The latest in the Ian Rutledge series by Charles Todd, Hunting Shadows begins by giving us a glimpse into the mind of a killer. At a funeral for his former colonel, succumbing 2 years after the end of WW1 to a long-term infection that never healed, a man catches sight of another man, someone against whom he carries a grudge but whom he’d forgotten in the intervening years. “The man responsible for Mary’s death!” he thinks, and begins plotting revenge.
When Capt. Hutchinson is gunned down attending a society wedding in Ely, the police can’t even determine where the shot came from. A short time later, there’s another death, that of a lawyer standing for office and making a political speech. At this point, Inspector Rutledge of Scotland Yard is called in. He travels down to the small villages on the Fens in search of any connection between the two men. His quest will take him to village after village, where he will interview a washerwoman who claims to have seen a monster shooting at the politician, spend time with a lonely innkeeper who likes to chat, and run from a rector who asks him questions about his own past. The Fens are a dangerous place, flat and water-filled, with sudden deep ditches where things and people can be lost. Rutledge deals with pea-soup fogs that cause him to lose his way, and with sudden summer storms that flood the roads, taciturn locals who keep their own secrets, and an educated man with something to hide.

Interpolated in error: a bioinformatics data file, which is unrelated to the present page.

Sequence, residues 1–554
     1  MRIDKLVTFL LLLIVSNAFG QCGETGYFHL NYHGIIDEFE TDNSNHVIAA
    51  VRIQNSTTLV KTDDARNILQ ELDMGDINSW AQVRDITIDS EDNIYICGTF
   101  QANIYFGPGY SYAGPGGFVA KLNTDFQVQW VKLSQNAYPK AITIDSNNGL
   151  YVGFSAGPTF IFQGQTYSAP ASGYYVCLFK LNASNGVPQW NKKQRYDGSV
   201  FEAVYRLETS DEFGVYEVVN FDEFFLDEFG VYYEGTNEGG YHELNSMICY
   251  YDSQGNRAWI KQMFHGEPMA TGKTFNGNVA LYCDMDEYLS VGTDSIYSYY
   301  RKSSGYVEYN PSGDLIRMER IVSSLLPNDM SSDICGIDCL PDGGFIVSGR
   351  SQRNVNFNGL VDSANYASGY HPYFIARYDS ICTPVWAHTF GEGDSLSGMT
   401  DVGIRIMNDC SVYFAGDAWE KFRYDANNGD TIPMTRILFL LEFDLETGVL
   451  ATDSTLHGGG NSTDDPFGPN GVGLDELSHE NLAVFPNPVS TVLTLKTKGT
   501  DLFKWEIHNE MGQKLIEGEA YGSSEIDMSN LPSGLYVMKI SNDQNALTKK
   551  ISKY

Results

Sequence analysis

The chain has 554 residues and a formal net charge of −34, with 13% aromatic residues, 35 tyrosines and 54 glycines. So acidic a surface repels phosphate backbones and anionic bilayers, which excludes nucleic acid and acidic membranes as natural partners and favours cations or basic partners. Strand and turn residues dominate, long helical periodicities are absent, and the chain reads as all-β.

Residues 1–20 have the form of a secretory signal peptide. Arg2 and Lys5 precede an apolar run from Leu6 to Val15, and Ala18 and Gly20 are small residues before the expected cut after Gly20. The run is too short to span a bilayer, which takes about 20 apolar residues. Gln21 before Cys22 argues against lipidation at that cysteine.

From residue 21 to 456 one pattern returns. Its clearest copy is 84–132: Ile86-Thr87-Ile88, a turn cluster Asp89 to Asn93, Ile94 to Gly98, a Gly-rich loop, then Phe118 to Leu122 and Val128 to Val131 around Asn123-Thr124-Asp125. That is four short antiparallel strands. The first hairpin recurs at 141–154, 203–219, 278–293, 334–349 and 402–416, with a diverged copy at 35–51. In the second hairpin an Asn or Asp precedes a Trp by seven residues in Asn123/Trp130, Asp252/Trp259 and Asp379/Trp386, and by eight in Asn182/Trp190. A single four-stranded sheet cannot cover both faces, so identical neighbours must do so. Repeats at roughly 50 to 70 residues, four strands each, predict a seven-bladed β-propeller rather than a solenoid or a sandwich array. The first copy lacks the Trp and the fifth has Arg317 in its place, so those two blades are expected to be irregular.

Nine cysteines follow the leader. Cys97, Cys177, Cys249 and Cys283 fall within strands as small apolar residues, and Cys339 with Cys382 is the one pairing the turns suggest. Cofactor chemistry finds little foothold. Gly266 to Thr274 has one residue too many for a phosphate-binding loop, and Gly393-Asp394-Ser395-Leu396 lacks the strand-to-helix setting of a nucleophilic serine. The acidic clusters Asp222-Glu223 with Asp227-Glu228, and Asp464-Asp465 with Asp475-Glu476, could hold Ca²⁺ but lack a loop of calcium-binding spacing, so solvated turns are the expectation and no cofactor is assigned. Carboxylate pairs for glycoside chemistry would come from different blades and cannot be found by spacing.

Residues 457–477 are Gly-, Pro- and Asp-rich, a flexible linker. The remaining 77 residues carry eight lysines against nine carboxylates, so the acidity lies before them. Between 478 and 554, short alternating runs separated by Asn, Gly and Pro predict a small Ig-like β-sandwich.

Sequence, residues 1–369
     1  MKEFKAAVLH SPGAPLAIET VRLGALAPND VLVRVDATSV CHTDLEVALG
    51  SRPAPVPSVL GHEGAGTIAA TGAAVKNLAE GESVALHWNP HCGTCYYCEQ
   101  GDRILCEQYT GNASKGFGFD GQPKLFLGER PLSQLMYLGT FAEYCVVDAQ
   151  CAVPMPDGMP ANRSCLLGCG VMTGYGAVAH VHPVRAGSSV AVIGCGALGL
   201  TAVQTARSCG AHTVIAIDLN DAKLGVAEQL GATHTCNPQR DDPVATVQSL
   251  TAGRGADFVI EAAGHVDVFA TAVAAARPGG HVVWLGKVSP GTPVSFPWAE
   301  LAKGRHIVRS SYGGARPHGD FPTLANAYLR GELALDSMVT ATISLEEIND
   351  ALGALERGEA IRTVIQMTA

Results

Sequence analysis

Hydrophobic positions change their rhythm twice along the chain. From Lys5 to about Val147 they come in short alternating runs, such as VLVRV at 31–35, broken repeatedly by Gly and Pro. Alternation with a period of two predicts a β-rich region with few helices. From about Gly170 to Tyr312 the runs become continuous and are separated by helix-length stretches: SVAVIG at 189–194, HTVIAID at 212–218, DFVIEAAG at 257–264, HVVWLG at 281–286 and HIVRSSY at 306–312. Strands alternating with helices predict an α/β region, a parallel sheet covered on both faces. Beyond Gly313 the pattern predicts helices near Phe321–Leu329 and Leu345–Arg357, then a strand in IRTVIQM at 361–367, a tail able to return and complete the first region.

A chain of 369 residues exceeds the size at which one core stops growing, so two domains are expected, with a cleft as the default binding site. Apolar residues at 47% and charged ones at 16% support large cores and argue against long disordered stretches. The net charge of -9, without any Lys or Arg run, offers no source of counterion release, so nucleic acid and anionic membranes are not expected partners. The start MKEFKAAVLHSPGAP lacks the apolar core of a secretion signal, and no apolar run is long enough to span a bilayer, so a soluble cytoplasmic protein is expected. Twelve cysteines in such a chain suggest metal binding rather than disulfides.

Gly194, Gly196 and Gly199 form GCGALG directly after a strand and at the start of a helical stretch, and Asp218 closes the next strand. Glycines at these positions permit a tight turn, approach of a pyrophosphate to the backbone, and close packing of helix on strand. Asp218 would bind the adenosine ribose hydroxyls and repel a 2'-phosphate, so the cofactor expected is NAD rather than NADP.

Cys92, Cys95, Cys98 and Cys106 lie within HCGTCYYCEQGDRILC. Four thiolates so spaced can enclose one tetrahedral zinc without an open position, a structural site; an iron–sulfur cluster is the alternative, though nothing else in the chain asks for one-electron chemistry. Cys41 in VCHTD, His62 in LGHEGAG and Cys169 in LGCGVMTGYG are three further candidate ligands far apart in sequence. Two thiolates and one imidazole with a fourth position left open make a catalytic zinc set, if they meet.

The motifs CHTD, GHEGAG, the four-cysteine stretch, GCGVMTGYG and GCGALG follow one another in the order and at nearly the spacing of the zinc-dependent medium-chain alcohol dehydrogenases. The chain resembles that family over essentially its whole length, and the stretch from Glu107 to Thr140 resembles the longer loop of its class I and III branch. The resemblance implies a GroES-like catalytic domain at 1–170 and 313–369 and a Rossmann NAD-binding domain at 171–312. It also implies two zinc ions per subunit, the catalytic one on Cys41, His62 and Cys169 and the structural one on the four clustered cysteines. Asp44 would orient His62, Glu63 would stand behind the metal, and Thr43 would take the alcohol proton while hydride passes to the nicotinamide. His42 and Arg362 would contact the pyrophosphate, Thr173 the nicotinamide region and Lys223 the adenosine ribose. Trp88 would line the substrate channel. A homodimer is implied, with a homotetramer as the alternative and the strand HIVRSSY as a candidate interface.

It soon becomes apparent he has to be dealing with an ex-soldier, someone whose job was as a marksman or a sharpshooter, someone who illegally kept his rifle. And Inspector Rutledge carries his own deep memories and scars from his time in the trenches, along with a haunting memory of Hamish, a Scottish soldier in his regiment that Rutledge had to have killed for disobeying a direct order and who now seems to always be with Rutledge, scolding, advising, warning, opining. Hamish is a secondary character in all the Inspector Rutledge books, of which this is the 16th, and I can never decide quite how to interpret him.
Hunting Shadows is a strong addition to this series. Carefully-plotted, atmospheric and with a strong sense of place that often distinguishes the writing of this mother-son team, the novel is provides more than an excellent mystery, but also gives a thoughtful look at the ways that war’s reverberations continue to echo on through the years of a soldier’s life.